Africa's crisis

After hearing the stupid words French President Nicolas Sarkozy said about Africans this summer, and the clichés some friends used to excuse him, I am glad to read a very lucid analysis of the situation by Jeffrey Sachs ("The end of poverty, economic possibilities for our time", chapter "The voiceless dying: Africa and disease"):

"The outside world has pat answers concerning Africa's prolonged crisis. Everything comes back, again and again, to corruption and misrule. Western officials, including the countless «missions» of the IMF* and World Bank to African countries, argue that Africa simply needs to behave itself better, to allow market forces to operate without interference by corrupt rulers.
When it comes to charges of bad governance, the West should be a bit more circumspect. Little surpasses the western world in the cruelty and depredations that it has long imposed on Africa. Three centuries of slave trade, from around 1500 to the early 1800s, were followed by a century of brutal colonial rule.
Far from lifting Africa economically, the colonial era left Africa bereft of educated citizens and leaders, basic infrastructure, and public health facilities. The borders of the newly independent states followed the arbitrary lines of the former empires, dividing ethnic groups, ecosystems, watersheds, and resource deposits in arbitrary ways.
As soon as the colonial period ended, Africa became a pawn in the cold war. Western cold warriors, and the operatives in the CIA and counterpart agencies in Europe, opposed African leaders who preached nationalism, sought aid from the Soviet Union, or demanded better terms on Western investments in African minerals and energy deposits. In 1960, as a demonstration of Western approaches to African independence, CIA and Belgian operatives assassinated the charismatic first prime minister of the Congo, Patrice Lumumba, and installed the tyrant Mobutu Sese Seko in his stead. In the 1980s, the United States supported Jonas Savimbi in his violent insurrection against the government of Angola, on the grounds that Savimbi was an anticommunist, when in fact he was a violent and corrupt thug. The United States long backed the South African apartheid regime, and gave tacit support as that regime armed the violent Renamo insurrectionists in neighboring Mozambique. The CIA had its hand in the violent overthrow of President Kwame Nkrumah of Ghana in 1966. Indeed, almost every African political crisis - Sudan, Somalia, and a host of others - has a long history of Western meddling among its many causes.
Both the critics of African governance and the critics of Western violence and meddling have it wrong. Politics, at the end of the day, simply cannot explain Africa's prolonged economic crisis. The claim that Africa's corruption is the basic source of the problem does not withstand practical experience or serious scrutiny. During the past decade I witnessed close at hand how relatively well-governed countries in Africa, such as Ghana, Malawi, Mali, and Senegal, failed to prosper, whereas societies in Asia perceived to have extensive corruption, such as Bangladesh, India, Indonesia, and Pakistan, enjoyed rapid economic growth.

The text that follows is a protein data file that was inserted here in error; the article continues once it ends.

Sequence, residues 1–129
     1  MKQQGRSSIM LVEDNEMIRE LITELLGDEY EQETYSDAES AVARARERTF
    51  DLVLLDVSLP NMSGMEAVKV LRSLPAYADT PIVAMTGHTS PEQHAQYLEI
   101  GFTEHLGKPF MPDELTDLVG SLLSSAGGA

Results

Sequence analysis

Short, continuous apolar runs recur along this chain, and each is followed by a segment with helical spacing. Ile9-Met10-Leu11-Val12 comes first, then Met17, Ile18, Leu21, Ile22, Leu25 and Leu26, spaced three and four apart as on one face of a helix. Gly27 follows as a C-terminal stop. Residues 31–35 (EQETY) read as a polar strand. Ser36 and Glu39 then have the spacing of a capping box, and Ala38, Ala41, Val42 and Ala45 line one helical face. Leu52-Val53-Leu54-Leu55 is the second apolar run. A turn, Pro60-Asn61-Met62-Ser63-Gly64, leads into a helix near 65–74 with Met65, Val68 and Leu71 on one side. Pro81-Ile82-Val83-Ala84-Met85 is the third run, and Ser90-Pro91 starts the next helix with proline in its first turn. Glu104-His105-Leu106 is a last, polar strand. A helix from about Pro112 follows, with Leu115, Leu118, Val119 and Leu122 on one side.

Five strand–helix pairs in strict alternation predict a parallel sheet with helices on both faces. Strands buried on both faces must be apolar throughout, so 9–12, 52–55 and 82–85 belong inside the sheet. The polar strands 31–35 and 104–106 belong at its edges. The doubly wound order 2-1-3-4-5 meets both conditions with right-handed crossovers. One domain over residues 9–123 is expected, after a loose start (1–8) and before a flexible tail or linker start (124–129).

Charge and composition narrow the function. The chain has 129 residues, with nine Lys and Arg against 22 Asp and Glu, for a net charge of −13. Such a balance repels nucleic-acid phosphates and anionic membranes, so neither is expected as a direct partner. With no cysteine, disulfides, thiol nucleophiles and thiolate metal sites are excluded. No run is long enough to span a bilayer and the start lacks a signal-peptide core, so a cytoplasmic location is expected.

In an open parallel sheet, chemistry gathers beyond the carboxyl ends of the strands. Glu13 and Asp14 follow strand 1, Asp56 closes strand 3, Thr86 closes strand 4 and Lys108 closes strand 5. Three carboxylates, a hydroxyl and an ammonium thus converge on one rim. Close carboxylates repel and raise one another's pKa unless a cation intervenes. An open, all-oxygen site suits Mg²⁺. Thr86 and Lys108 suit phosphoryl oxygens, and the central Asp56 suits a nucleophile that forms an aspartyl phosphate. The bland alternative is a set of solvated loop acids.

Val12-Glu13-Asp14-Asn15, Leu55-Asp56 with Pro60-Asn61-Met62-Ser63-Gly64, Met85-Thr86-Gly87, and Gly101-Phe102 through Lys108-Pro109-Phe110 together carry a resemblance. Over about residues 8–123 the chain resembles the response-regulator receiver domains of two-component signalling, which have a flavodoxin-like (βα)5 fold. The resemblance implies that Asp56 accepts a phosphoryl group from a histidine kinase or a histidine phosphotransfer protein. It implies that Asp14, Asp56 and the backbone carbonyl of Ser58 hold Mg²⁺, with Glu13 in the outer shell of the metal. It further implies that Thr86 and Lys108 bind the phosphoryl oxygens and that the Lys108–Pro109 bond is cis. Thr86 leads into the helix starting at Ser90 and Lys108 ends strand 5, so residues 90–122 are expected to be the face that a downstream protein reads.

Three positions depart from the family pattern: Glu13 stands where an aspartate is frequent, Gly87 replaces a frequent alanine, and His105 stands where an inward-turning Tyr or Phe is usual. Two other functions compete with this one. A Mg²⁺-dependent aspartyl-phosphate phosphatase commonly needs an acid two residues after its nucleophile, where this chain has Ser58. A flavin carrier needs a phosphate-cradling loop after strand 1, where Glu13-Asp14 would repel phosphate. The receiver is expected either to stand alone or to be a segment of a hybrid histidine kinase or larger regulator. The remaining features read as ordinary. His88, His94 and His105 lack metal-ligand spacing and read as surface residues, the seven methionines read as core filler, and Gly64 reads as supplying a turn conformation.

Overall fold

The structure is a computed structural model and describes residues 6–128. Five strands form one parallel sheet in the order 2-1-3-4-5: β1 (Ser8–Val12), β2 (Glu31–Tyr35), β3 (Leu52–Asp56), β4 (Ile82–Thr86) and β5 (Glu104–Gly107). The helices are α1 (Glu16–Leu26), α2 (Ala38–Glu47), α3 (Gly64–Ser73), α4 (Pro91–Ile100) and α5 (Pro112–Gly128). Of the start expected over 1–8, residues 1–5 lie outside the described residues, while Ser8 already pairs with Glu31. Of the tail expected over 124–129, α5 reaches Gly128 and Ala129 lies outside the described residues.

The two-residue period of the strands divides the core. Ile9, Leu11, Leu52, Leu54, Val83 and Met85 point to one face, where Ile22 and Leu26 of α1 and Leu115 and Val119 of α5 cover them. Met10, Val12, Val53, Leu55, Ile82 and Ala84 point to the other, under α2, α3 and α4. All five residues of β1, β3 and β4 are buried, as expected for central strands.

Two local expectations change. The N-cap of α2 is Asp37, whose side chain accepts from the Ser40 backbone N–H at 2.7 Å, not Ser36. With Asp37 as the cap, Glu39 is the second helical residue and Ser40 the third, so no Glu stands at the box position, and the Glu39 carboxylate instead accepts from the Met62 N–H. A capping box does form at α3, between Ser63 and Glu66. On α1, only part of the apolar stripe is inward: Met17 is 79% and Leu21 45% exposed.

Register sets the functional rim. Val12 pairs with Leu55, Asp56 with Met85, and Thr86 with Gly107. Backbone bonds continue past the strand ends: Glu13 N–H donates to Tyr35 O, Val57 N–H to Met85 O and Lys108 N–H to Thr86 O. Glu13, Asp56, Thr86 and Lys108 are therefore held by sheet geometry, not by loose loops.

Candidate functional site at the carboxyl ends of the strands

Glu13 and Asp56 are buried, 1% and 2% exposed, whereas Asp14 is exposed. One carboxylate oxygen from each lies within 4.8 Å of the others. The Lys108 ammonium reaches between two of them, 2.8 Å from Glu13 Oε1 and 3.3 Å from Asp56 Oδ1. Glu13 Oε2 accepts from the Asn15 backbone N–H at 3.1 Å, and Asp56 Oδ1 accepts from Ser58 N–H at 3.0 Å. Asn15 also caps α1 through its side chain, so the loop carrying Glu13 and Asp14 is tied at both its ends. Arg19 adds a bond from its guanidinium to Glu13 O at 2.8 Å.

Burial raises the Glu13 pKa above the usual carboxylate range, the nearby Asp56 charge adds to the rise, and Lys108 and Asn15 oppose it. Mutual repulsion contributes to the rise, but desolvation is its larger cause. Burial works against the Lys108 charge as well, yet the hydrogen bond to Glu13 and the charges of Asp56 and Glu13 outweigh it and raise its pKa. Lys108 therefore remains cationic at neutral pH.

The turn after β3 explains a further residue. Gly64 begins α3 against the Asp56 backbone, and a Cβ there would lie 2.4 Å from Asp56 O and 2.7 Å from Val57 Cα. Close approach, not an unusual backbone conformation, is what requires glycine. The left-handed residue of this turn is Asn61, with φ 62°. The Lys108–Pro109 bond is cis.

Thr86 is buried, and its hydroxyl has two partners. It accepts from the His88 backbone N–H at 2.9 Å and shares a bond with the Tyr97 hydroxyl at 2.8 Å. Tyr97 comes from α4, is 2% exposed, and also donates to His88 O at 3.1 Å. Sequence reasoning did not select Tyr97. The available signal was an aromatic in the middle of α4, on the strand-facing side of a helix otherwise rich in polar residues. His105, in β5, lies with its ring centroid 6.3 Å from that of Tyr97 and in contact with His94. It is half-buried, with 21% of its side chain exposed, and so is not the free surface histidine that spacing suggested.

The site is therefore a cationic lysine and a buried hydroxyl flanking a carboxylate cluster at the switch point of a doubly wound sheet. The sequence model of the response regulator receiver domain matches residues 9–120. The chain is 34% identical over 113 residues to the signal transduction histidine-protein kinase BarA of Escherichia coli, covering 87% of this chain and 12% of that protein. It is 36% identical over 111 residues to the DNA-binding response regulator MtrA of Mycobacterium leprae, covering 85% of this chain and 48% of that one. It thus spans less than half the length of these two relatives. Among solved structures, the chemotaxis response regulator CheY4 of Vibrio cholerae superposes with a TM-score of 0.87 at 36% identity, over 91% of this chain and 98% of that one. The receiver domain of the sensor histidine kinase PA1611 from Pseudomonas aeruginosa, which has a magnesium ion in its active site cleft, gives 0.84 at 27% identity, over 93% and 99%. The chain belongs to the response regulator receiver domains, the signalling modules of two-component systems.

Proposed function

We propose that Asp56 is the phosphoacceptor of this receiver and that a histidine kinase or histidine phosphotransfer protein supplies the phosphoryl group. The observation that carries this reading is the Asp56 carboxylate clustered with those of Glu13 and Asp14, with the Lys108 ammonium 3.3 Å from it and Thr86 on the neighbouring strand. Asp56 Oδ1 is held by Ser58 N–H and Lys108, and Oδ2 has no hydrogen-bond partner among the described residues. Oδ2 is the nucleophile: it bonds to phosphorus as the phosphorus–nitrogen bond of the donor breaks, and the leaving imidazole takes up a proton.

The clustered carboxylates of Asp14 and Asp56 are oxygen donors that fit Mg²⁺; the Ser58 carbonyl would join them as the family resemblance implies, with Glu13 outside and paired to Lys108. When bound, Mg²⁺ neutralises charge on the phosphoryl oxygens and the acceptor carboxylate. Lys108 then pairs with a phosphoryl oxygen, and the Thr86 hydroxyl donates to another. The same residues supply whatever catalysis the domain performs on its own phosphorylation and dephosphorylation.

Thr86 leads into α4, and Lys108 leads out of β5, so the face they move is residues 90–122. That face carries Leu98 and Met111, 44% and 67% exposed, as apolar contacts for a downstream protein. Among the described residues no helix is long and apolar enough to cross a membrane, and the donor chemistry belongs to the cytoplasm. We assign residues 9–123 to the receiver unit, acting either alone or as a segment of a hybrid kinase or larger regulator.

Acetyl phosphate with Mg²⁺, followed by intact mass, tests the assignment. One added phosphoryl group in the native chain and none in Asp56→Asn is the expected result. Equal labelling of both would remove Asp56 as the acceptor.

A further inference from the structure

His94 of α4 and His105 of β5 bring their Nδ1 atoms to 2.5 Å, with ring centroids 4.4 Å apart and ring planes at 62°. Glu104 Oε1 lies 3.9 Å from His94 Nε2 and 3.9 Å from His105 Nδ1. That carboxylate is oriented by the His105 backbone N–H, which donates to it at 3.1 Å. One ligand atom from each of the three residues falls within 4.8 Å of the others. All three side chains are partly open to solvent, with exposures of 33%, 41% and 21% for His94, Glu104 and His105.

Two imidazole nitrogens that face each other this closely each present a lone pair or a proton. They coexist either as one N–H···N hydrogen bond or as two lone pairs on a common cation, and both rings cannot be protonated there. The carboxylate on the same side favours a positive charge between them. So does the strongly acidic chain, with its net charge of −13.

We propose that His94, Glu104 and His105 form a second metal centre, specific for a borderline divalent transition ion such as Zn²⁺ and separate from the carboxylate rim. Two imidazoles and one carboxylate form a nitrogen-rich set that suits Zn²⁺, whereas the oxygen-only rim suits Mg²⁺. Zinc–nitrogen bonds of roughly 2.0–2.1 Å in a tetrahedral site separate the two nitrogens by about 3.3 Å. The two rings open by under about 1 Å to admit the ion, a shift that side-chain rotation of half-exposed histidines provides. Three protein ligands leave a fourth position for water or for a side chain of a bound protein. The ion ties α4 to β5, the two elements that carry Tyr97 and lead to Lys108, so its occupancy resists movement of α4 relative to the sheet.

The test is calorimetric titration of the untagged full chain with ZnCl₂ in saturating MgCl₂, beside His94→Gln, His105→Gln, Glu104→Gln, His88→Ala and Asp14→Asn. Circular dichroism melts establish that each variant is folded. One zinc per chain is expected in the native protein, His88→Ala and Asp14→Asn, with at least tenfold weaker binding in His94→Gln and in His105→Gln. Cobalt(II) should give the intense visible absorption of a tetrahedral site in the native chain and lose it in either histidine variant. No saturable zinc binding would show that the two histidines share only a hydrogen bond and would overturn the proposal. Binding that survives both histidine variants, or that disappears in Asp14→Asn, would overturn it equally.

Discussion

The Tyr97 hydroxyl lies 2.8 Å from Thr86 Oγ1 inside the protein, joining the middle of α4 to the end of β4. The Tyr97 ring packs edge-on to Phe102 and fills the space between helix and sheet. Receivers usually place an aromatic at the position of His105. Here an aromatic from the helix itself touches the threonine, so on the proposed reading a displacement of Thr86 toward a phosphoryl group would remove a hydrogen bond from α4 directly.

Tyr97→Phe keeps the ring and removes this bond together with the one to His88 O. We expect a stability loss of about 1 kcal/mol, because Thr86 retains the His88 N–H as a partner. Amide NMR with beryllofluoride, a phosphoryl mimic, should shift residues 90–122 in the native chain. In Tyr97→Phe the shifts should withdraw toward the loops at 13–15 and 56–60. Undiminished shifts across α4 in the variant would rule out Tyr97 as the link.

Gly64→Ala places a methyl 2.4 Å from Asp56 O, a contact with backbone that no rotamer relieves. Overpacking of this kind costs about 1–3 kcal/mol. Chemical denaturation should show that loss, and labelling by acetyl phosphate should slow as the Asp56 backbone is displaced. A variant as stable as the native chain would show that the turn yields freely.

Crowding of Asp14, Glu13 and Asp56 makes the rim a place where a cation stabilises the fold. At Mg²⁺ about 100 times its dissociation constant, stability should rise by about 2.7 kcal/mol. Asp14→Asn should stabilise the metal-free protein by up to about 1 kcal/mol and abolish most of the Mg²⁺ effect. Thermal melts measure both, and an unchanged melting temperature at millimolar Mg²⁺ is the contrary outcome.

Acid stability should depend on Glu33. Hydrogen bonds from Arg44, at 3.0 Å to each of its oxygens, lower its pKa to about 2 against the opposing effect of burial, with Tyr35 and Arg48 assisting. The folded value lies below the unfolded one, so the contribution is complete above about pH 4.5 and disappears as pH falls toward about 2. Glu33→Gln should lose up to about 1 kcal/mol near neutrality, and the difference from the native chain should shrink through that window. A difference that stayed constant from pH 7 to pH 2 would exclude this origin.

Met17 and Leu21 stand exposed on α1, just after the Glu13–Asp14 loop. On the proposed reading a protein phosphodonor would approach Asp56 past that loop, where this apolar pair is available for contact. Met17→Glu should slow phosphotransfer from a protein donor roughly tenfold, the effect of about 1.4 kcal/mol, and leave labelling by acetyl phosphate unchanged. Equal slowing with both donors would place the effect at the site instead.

At the same time, Africa's harsh colonial legacy and the West's very real depradations in the postcolonial period also do not explain the long-term development crisis. Other regions of the world that are now growing rapidly also experienced severe damage from decades or centuries of colonial rule and postcolonial meddling. Vietnam is a case in point, a country that had to fight for independence for decades and yet emerged from that brutal experience to achieve very rapid economic growth.
To understand - and overcome - such crises, it would be necessary to unravel the interconnections between extreme poverty, rampant disease, unstable and harsh climate conditions, high transport costs, chronic hunger, and inadequate food production.
The combination of Africa's adverse geography and its extreme poverty creates the worst poverty trap in the world. Yet the situation in Africa is not hopeless. Far from it. Just as my malaria-expert colleagues taught me about bed nets, indoor spraying, and effective antimalarial medicines, and just as my HIV/AIDS-knowledgeable colleagues taught me what can be accomplished through effective prevention programs linked to access to anti-AIDS drugs, so my colleagues in tropical agriculture, rural electrification, road building, and safe water and sanitation began to teach me what could be done in these other areas of vital concern.
Africa's problems, I have come to understand, are especially difficult but still solvable with practical and proven technologies. Diseases can be controlled, crop yields can be sharply increased, and basic infrastructure such as paved roads and electricity can be extended to the villages. A combination of investments well attuned to local needs and conditions can enable African economies to break out of the poverty trap. These interventions need to be applied systematically, diligently, and jointly, since they strongly reinforce one another. With focused attention by African countries and the international community, Africa could soon have its own Green Revolution**, and achieve a takeoff in rural-led growth, thereby sparing the coming generation of Africans the continued miseries of drought-induced famine."

*International Monetary Fund
**Allusion to Asia's rural-led economic growth in the 1970s through the introduction of high-yield crops.

Thursday, September 20, 2007

Killing a bad myth